Monday, September 14, 2015

A Discussion - Stopping Businesses from Firing Pregnant Women

According to this article from The Korea Times (I promise that it's not another troll column), 5,000 female employees have been fired every year while on maternity or childcare leave since 2010. The total number of women fired come down to 26,755 women.

This is in spite of the fact that the Equal Employment Act states that an employee, male or female, who has a child aged not more than 8 years or a child in the second or lower grade of an elementary school, is guaranteed childcare leave up to one year. The law also states that the employer should reinstate the employee after childcare leave to his/her previous position or other position with the same level of salary (source).

When the only tool that one has is a hammer, then every problem begins to look like a nail. Similarly, when people think that the government is the solution, they tend to think of problems through the lens of the law. However, it's quite clear that laws are already in place, but they are routinely ignored.

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For example, someone that I spoke to on Facebook suggested that a good way to solve the problem would be to create a watchdog group that would fine and jail business owners who engage in such behavior.

However, I find that unlikely to work because even if such a watchdog group were created, I am almost certain those fines would be quite small. If the financial benefit to the firm is greater to fire the female employees than the fines would cost the business, the net gain would still compel them to fire their female employees. So, for a watchdog group of this sort to work, the fines would have to be substantial and I am just not sure if that is politically possible.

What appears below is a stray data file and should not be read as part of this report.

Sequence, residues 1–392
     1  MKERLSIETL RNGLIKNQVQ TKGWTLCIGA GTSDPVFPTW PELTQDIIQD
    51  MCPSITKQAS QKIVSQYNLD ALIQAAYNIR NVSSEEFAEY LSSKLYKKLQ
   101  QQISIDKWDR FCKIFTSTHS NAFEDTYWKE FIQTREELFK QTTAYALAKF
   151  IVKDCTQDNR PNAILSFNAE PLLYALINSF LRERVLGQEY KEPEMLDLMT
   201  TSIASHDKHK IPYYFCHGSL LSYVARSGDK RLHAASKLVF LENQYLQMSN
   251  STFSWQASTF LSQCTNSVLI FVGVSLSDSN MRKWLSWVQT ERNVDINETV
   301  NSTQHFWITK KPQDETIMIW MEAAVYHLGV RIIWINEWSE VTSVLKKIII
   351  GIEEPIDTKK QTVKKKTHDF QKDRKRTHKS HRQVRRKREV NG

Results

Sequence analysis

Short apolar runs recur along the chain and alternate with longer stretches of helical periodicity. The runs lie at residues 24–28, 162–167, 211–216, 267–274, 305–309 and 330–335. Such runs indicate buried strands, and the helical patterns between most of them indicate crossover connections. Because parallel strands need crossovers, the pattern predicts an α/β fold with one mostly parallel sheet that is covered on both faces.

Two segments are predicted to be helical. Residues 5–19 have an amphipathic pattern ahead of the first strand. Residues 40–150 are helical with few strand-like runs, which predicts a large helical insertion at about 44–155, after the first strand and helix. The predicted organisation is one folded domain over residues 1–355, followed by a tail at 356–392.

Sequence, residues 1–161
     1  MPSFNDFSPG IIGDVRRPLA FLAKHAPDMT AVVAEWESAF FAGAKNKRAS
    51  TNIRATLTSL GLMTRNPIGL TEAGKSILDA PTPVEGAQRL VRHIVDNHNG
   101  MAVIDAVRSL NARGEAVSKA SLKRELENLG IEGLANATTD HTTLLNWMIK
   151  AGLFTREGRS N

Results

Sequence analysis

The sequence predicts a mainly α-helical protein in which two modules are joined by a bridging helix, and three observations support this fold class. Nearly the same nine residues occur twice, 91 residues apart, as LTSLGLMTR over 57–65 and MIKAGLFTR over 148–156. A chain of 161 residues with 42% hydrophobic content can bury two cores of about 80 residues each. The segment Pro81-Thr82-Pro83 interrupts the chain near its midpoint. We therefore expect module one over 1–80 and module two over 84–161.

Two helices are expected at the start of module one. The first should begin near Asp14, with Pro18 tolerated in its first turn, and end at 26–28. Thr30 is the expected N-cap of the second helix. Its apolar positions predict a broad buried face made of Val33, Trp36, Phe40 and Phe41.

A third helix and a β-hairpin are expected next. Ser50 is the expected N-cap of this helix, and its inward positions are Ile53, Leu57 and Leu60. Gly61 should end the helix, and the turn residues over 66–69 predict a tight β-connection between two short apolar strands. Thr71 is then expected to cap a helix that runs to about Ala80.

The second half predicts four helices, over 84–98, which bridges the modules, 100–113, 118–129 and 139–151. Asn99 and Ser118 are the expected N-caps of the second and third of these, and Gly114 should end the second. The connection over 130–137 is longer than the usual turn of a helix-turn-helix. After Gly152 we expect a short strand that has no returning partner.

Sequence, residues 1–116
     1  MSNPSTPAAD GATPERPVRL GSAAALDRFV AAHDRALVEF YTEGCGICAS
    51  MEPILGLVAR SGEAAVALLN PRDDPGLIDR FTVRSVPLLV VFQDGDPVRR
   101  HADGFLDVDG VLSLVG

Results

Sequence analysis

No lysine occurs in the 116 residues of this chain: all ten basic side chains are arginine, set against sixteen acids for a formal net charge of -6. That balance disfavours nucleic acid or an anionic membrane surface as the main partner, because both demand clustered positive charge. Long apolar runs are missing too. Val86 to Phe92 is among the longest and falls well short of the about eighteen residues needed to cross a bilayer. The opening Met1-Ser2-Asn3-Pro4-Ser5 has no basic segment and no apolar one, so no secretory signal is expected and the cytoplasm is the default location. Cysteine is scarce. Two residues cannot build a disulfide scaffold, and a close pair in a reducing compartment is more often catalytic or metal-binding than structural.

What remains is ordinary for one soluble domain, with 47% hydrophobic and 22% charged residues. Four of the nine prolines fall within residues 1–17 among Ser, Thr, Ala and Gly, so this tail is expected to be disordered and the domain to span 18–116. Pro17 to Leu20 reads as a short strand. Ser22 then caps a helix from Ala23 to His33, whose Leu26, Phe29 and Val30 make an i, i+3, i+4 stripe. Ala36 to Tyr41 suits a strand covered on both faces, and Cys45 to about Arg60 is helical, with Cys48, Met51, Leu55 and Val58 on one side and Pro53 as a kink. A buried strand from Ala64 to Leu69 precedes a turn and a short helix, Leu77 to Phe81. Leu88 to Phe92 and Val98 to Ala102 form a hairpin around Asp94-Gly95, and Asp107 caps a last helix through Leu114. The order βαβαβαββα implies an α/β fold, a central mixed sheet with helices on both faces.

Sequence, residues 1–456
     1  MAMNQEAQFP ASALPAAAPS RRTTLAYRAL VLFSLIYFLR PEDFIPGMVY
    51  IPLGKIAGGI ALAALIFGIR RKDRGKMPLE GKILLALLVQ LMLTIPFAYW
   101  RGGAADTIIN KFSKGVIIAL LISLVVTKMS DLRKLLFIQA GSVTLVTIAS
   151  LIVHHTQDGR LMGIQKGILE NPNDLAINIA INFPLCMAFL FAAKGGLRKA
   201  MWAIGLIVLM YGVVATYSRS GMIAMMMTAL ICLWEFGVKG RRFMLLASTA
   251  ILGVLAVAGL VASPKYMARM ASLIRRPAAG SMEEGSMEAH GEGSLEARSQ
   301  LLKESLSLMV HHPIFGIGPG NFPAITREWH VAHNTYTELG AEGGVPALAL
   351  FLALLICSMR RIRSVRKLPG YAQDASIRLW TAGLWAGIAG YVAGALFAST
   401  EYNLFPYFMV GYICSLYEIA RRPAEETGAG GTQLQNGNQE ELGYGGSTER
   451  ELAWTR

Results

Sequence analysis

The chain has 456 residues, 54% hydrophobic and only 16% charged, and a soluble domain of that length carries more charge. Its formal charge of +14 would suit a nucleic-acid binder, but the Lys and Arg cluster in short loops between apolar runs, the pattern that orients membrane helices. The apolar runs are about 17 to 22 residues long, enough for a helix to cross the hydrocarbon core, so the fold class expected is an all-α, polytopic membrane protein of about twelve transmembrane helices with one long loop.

When Rational Choice Meets Ethics
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Therefore, I offer two possible alternative solutions to the problem that might offer a win-win way out for everyone.

The first solution is to create an all-women union (seeing how the Ministry of Gender Equality can't seem to do anything right). It's true that I am not a big fan of unions (see here, here, and here), but that is mostly because many unions tend to kill the goose that lays the golden eggs. Provided that this union's goals remain focused on specific policies that seek judicial employment practices... oh who am I kidding? Eventually, all unions that grow in power will ask for more and more and more. But there is no need to fight tomorrow's battle today. That will come in due time. For now, there's a fire that needs to be put out.

The second solution is to incentivize businesses to hire and retain female workers via tax credits. In other words, a work opportunity tax credit for women.

However, those are just two of my ideas. So, I open the floor to you, readers. If you think you have a good idea that is practical and workable (no, calling for torches and pitchforks is NOT a good idea), feel free to drop a line in the comments section.

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1 comment:

  1. So there's no way to enforce the law. Everydody knows there's no enforcement. Sounds like a lack an actual case of "in name only". No will to enforce the law equals renering it useless.